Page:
It might have passed without notice, but it was the second time that brown Asians were slighted and forgotten by the NYT. It irked some, enough so that five wrote their own letter directed to the New York Times that was published in Huffington Post.
“Your video told us, ‘You’re still invisible!'” said the HuffPost letter written by E.J.R. David, Ali Mattu, Razia Kosi, Ernabel Demillo and Kevin Nadal.
- 1946 – A pivotal year in Fil-Am history
- Legacy of the 1904 St. Louis World’s Fair
- Filipino veterans: Shameful anniversary for U.S. Congress
- Larry Itliong Day passed by the California Assembly
- 50th Anniversary of the Grape Strike
- Unsung heroes on Memorial Day
“And you did this during election season – when xenophobia against South Asians is on the rise and Islamophobia is so overt that Muslim Americans (and South Asian Americans who are presumed to be Muslim) expect to be discriminated in their everyday lives.
“We hesitated for a second and then hustled to confront you. We pulled out our smartphones and started commenting on your social media posts, questioning why seemingly 96 percent of the stories shared were East Asian or non-Brown Asian stories. It was comical, in retrospect, because you probably don’t even read comments on social media. But the pain you inflicted on us with your continued disregard is real. It clearly tells us, once again, that we are unseen, unheard, and unappreciated in this country.
“We are a part of this country!” We yelled back.
“It felt silly. But how else to prove we belonged?”
… “That even though we compose more than half of the Asian Pacific Islander population, even though we have been in these lands now called the United States since 1587, and even though many of us trace our roots back to lands that are affected by U.S. colonialism and imperialism, we still don’t belong,” the letter continued. “We’re still forgotten. We’re still not Asian American, let alone American.”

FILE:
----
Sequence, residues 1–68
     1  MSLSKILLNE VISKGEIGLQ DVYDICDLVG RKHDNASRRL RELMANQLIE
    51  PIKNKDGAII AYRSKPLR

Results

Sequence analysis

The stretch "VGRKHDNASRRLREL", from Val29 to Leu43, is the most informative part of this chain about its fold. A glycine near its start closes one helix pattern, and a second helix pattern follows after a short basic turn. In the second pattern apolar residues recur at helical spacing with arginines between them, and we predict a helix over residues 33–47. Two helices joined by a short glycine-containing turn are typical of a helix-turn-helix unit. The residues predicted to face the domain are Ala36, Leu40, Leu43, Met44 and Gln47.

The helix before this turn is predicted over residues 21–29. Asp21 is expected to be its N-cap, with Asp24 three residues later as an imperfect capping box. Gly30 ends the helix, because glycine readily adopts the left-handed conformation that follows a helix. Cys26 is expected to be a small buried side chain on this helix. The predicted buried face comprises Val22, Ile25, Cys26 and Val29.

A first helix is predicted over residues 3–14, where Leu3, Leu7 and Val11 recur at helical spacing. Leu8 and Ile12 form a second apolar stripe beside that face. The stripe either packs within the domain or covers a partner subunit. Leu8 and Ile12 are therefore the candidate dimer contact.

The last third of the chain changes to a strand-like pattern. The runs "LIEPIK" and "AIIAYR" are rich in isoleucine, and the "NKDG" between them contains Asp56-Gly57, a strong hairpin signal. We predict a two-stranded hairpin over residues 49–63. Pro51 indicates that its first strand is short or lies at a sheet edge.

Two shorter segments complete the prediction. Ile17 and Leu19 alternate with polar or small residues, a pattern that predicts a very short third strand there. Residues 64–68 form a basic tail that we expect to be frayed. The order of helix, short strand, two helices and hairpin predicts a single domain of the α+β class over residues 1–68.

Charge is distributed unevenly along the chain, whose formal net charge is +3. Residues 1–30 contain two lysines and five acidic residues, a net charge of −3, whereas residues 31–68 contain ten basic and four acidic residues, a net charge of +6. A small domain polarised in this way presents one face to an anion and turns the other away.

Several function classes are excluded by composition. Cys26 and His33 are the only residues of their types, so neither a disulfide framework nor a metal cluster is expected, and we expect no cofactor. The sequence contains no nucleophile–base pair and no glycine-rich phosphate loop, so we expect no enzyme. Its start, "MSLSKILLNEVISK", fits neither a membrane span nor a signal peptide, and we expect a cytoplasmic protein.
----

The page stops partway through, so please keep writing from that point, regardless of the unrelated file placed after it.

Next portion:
The HuffPost letter pointed out that the NYT coverage of Asian Americans favored East Asians even though Brown Asians make up more than half of all Asian Americans. Then the tone changed expressing anger.
“Maybe you don’t know this, but the continued failure to include us whenever you talk about “Asian Americans” is extremely insulting, degrading, and oppressive. It gets to the heart of the invisibility that Brown Asians experience.”
The letter writers went on to touch on a topic that isn’t often heard outside of AAPI circles, the issue of “colorism” among Asian Americans. You know, lighter skin is some sort of uniform of superiority.
The NYTimes shouldn’t be left off the hook. It needs to take responsibility for its oversight. There’s certainly enough Brown Asians in New York City. The editors and writers of the NY Times need to go beyond the European view of what constitutes an Asian, beyond the Korean, Japanese and Chinese trope that defines what an “Asian” should look like.